March organizer Morgan Malachi tells TRNN’s Kwame Rose the Democratic Party has not improved education, housing, or policing in Philadelphia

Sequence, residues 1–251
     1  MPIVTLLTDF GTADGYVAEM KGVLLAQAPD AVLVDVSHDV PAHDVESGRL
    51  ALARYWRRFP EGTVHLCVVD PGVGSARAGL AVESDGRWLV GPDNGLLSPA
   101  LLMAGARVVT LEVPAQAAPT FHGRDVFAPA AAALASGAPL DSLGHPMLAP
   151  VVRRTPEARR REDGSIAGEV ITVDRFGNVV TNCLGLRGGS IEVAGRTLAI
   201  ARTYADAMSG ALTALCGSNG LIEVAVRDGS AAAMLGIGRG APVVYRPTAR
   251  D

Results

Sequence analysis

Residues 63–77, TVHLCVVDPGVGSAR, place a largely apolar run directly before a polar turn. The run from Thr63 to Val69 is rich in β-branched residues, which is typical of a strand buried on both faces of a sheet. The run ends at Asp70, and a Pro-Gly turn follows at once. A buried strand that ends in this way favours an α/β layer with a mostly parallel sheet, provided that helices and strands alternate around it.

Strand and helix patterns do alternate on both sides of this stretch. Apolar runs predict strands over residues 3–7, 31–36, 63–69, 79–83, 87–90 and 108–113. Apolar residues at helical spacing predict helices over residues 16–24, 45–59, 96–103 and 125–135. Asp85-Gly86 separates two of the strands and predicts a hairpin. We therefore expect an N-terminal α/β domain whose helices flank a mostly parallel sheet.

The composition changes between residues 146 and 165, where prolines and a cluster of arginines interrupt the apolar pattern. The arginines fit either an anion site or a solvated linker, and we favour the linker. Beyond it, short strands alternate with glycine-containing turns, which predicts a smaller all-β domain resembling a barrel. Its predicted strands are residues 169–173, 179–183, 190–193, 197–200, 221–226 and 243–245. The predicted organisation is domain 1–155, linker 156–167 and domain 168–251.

KWAME ROSE, TRNN PRODUCER: Kwame Rose here live for the Real News Network in Philadelphia, Pennsylvania at the Black Resistance DNC March. I’m here with one of the organizers, Morgan. MORGAN MALACHI: Malachi. ROSE: Morgan Malachi. Morgan, tell me the purpose for organizing this rally here today. MALACHI: Yeah, the purpose is just to expand upon the work that we’ve been doing for years and that is against police terrorism, specifically here in Philadelphia and also issues of stop and frisk, gentrification, and just the economic disparities that exist in the African American community. ROSE: Well Morgan, obviously the Democratic National Convention is going on here in Philadelphia. What are some of the issues that the community in Philadelphia is tackling as thousands of lawmakers and delegates are here for essentially a celebration for Democracy? MALACHI: Well we’re tackling everything that we’re talking about in this march. Again police terrorism, we’re tackling issues of gentrification which is you know very pervasive here in Philly, also issues with our education system that is being crazily defunded, issues with just economics in general in terms of high unemployment and lack of jobs. ROSE: Megan you and your colleagues, we had a conversation earlier about an incident that happened in Baltimore where you felt as though the voices of women and transgender folks involved in the black lives matter movement were being silenced and weren’t being allowed to have a platform. Is the black lives matter movement, is it one of inclusion for the groups you all said were being not represented in Baltimore? MALACHI: I think that the black lives matter movement, and I think that we need to be clear about speaking about the organizations that exist but then also the broader movement that has other organizations other than BLM. But I think a lot of them are just reflections of society. So I think in a lot of ways we’re still battling with misogyny, misogynoir as I like to call it. We’re also battling with transphobia and heterosexism just like the broader community. But I think as revolutionaries and as activists it’s our duty to truly be intentional about tackling those things here in the coalition and other organizations here in Philadelphia we have explicitly stated that we’re against misogyny, we are against transphobia, and we are against heterosexism. So that’s something that we are truly intentional about fighting for here in our space. ROSE: Morgan last night Michelle Obama talked about the fact that her two black daughters will now be able to see a woman become president essentially in Hillary Clinton. I don’t know if you had a chance to watch Michelle Obama’s speech. What are your thoughts on her essentially saying my black daughters and then endorsing Hillary Clinton who we know hasn’t responded the very best to the black lives matter movement or folks involved in the larger movement? MALACHI: You know I think it’s unfortunate but I don’t think that Hillary Clinton or honestly Michelle Obama, really speaks to the conditions or the aspirations of the black masses. You know Michelle and Barack Obama; they are part of the black exceptions. People who have made it, people who have a certain level of economic privilege and I don’t think they’re really truly connected to what is happening to people living in the worst conditions in our society. So yea it’s amazing for Michelle and her daughters that they can see this white liberal feminist in the White House but that’s not going to do anything to a poor and oppressed black, Latina, and Asian women do not have that type of access. So I don’t see any reason why those groups of women would be proud to see Hillary. In fact, I think it’s kind of a slap in the face for them. ROSE: And who would you like to see as president, that you think would represent the issues best. MALACHI: I think that right now we have some great third party candidates. A lot of people are really excited about Jill Stein’s campaign. But personally I’m really in favor of the Moorehead/Lily campaign. They’re with Worker’s World. They’re just a really dynamic group of socialist minded, economic justice minded, and also racial justice minded comrades that we have who are really speaking to the issue that we’re talking about tonight. But I think in terms of us electing third party candidates, even fourth or fifth party candidates will definitely take a long time. But this is part of the political education that is a major aspect of what we do in organizing here. ROSE: And finally, we’ve noted that several times that the RNC protestors were met by police officers dressed in like Robocop riot gear. How are police relations with organizers here holding protests in Philadelphia. Not just this week but in previous weeks. Is it aggressive? What’s the atmosphere and the community relationship like that? MALACHI: I think that whenever you’re out in the streets of a major city speaking out against police terror, the police are going to respond in a violent manner and that is traditionally what we’ve seen here. People have another view of Philadelphia because of Charles Ramsey and his whole like Barack Obama and 21st policing initiative. But that hasn’t really meant anything to those of us that are on the streets. The police are very antagonistic. Police have beat our people. The police have arrested people unjustly and also just know they typical repression that of course we saw in Baltimore is something that we deal with here in Philly on a daily basis. ROSE: I talked to one black police captain the other day who referenced that the police have made significant improvements since the bombing of MOVE in Philadelphia. 31 years ago Philadelphia police essentially dropped a bomb on a house where activists lived. Women, children, and men were killed during that. How do you think the police relations since then have progressed? Or has it at all? MALACHI: I think that when people who are in charge of policing have to reference the MOVE bombing to judge how far we supposedly have come with policing is kind of ridiculous. Like you literally had the police district who was being funded by tax payers, drop a bomb on someone. We’re supposed to be happy that okay you guys have stopped dropping bombs on us but you’re doing other things in a more covert manner that are equally as suppressive and equally as bad. And so even though we might not have the image of black people being bombed out of their house like we did back in 85, in Philly the police are still operating in very oppressive and very violent ways that every Philadelphian knows about. It’s quite clear this is just a part of their public relations campaign to make themselves seem as if they are protecting the rights of protesters when they’re actually working against us every step of the way. ROSE: Thank you, Morgan Malachi, here from Black Resistance DNC. Kwame Rose for the Real News Network.